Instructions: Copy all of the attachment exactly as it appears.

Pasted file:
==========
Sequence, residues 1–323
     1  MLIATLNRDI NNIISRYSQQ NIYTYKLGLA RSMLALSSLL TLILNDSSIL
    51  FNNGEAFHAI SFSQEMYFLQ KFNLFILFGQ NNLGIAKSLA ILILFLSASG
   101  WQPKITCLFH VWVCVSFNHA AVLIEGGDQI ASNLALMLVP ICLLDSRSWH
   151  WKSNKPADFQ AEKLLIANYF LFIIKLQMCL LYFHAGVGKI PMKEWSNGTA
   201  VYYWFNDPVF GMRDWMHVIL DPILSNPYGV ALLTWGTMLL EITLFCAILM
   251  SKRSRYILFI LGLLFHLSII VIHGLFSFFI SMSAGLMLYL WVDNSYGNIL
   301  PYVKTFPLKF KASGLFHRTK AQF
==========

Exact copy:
Sequence, residues 1–323
     1  MLIATLNRDI NNIISRYSQQ NIYTYKLGLA RSMLALSSLL TLILNDSSIL
    51  FNNGEAFHAI SFSQEMYFLQ KFNLFILFGQ NNLGIAKSLA ILILFLSASG
   101  WQPKITCLFH VWVCVSFNHA AVLIEGGDQI ASNLALMLVP ICLLDSRSWH
   151  WKSNKPADFQ AEKLLIANYF LFIIKLQMCL LYFHAGVGKI PMKEWSNGTA
   201  VYYWFNDPVF GMRDWMHVIL DPILSNPYGV ALLTWGTMLL EITLFCAILM
   251  SKRSRYILFI LGLLFHLSII VIHGLFSFFI SMSAGLMLYL WVDNSYGNIL
   301  PYVKTFPLKF KASGLFHRTK AQF